All recipes explains that casseroles with dairy, especially soft cheeses like ricotta, don’t freeze very well. Ricotta contains so much moisture that as it heats up, it can steam your casserole and make the ingredients mushy. And dairy products, in general, can get a bit grainy if frozen and then reheated. Likewise, eggs, starchy vegetables, and watery vegetables can make a thawed and reheated casserole a soggy mess. One option for freezing a casserole that calls for a layer of cheese on top is to freeze the casserole without cheese, thaw the casserole, then add the cheese just before baking.

Additionally, casseroles containing raw meat should be fully cooked before cooling and freezing, while casseroles containing cooked meat — such as browned ground beef — or meatless casseroles can be frozen raw. If you’re planning ahead, maximizing freezer space can be a challenge, so we love the advice provided by Taste of home. They recommend covering your casserole dish with foil, adding your casserole ingredients, freezing, and then removing your meal from the pan.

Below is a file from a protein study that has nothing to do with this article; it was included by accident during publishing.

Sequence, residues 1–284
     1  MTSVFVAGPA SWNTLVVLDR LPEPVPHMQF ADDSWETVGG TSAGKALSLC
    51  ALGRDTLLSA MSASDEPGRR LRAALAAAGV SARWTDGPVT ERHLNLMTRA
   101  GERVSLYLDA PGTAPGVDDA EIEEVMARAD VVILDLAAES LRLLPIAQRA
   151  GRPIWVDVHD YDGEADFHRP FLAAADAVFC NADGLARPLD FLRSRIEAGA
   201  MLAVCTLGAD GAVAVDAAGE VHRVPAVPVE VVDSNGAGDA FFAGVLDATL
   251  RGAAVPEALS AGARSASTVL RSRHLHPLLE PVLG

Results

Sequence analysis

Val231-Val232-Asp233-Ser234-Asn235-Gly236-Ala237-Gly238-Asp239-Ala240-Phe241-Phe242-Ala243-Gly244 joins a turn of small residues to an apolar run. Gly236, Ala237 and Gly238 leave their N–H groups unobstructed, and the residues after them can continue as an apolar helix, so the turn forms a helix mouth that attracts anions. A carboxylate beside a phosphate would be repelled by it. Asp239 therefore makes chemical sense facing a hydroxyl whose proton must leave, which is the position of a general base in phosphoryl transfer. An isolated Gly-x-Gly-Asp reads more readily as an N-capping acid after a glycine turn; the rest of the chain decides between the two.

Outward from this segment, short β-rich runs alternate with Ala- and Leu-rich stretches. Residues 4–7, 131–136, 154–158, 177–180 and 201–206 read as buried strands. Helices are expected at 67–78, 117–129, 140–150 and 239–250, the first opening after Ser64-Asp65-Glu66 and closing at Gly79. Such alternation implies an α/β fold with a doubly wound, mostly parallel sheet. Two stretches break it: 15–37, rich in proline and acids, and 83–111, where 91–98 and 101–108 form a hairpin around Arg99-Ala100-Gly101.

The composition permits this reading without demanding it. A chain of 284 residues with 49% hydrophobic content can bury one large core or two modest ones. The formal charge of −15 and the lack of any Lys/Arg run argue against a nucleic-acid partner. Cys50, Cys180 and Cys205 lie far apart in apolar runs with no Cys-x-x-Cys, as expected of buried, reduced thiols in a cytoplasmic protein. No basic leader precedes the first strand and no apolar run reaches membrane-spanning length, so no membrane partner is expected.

Carefully wrap your frozen casserole, sealing it completely, and you can store it in a smaller space once you’ve out of the casserole. Once you’ve warmed your casserole to 165 degrees (via USDA), be sure to let your casserole sit for about 20 minutes to let it firm up for crisper portions with defined layers.